Sole Purpose brings local artists and entrepreneurs together 

Inspired by Ricky Rick’s Cotton Fest, Young creatives give local brands a platform.  

Sole Purpose hosted a pop-up store event, bringing together local artists to perform and local brands to sell their wares at Homeground restaurant, in Braamfontein. 

Pop-up store at the Sole Purpose event and attendees having drinks and socializing.
Photo: Sinazo Mondo

This pop-up store experience was co-founded  by Shaun Nzwakhe Gomeza and Nkhensani Mashimane in December, 2021. “We are an initiative that supports local artists, creatives and entrepreneurs by providing a platform and atmosphere for people to network and socialize,” their website reads.  

The sixth iteration of  Sole Purpose  took place on May 27, 2023. New local brands such as Projext, a clothing brand and Avitality (Born to Move), a gym wear clothing brand popped up for the first time. While clothing brands Deity Artisty art painting , Freak sins, Co lounge and Narty returned to the market. 

The musical talent included Tiller Sax, Lwaazii and Fried.HZ who provided live music throughout the afternoon.   

From left to right, photographer, Dj Alsi Paq and Co-founder of Sole Purpose Nkhensani Mashimane at the deck inside Homeground restaurant.
Photo: Sinazo Mondo

Anelisa Mnyweba (24) who attended the event said:  “I love the local gin brand Egoli, that I just tried for the first time, the music and performances were good and I’ve bought myself a few beautiful items from the local brands.” 

Creative director and owner of Born to Move, Avela Sisilana said, “I love that my brand is being recognised and its name is out there now. It’s been two hours and I haven’t made any sales yet but that’s mainly because my brand is specific as it is gym wear. I’m more here for branding than making sales.” 

Ntsako Ntimane owner of Deity Artisty said, “I started painting four years ago and this is my first time actually putting myself out there, I had my first exhibition with Sole purpose in March this year… I’ve made sales and connections today thanks to Sole purpose.”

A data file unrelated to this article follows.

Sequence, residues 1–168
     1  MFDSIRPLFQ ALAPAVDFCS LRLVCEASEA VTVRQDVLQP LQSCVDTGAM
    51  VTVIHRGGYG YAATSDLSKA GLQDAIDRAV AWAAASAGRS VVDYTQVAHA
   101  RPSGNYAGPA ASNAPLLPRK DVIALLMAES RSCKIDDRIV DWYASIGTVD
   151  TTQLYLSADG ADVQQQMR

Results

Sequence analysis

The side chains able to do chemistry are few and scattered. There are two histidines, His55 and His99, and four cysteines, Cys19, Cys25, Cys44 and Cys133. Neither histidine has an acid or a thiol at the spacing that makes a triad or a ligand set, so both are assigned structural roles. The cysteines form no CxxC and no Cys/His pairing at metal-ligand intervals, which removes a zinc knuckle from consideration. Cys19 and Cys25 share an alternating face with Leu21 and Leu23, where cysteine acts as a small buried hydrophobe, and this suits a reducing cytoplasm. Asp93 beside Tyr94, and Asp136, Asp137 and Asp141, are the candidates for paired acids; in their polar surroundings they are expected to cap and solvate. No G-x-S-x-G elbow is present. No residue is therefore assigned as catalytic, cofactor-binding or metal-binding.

The event continued till late with vendors packing up at 17:00, while the owners, artists and creatives socialized over drinks. The mood quickly moved from chilled to upbeat as local artist, DJ Alsi Paq(22) ushered in the night with Amapiano hits.  

FEATURED IMAGE: Deity Artistry showcasing art work at the pop-up store with attendees admiring. Photo: Sinazo Mondo


Take a walk on ‘The Wilds’ side 

One of Johannesburg’s most scenic destinations is a nature reserve in the middle of the city – just a stone’s throw away from Wits University. 

The Wilds Nature Reserve (The Wilds) is a 40-acre public park located between Killarney, Parktown, and Houghton. It is known for its tranquil ‘koppies,’ natural waterfalls, indigenous gardens, wildlife, and footpaths leading to breathtaking cityscape skylines.

A mosaic commemorating Sir James Percy FitzPatrick, author of the classic novel Jock of the Bushveld who frequently used the Wilds. Photo: Seth Thorne

In the 1990s extending into the 2000s, The Wilds was seemingly a ‘no-go zone’ due to its notorious reputation of rampant crime, neglect, and overgrowth of vegetation. 

“People stopped coming because of crime,” said Sabelo Matihidi, a coffee shop employee at The Wilds.  

That was until Johannesburg-based artist Patrick Delaney decided to reclaim the park through a community initiative in 2014. While it focused on clearing overgrown vegetation for visibility, the move also allowed locals to keep watch over the space.  

When suspicious activity is noticed by walkers, security is alerted. “We [the community] are the park’s necessary eyes and ears,” said Delaney. 

“Like [The Wilds], Central Park had a serious rough patch…It was notorious for crime and [being] in bad condition, but the community turned it around,” said Delaney.  

Security at the park has also improved significantly in recent years. Security guard Petunia Matemane said: “We will protect this park, we are not scared.”  

This change has not gone unnoticed. “People are coming back to the park,” said Matihidi. “It feels already feels peaceful now.”  

The community also works alongside Johannesburg’s city parks and zoo department (JCPZ) to maintain the grounds. 

Located around 2kms from main campus and just over 1km from education campus, Wits and the Wilds could have a mutually beneficial relationship. As a large historic reserve, with a vast array of indigenous biodiversity and urban architecture surrounding it, the possibilities for research are seemingly endless. 

Students and staff also use the park as a location for study groups, walks, picnics, or to simply clear their minds. “The outdoors is incredibly crucial to your physical and mental well-being – people at Wits should utilize the reserve,” said Delaney. 

There are also often activities such as guided hikes, picnics, and yoga. It is the perfect space for Witsies to visit when wanting an escape from the ‘hustle and bustle’ of the city.

One of Kudos Kudu’s cousins which was brought to the Wilds by James Delaney . Photo: Seth Thorne

FEATURED IMAGE: View overlooking the Johannesburg skyline from the east Wilds. Photo: Seth Thorne


GALLERY: Homecoming Weekend in pictures

Wit’s University’s Homecoming Weekend saw non-stop celebrations from Friday, September 2 until Sunday, September 4, 2022. The Wits Vuvuzela team was out and about throughout and these are some of the moments they captured.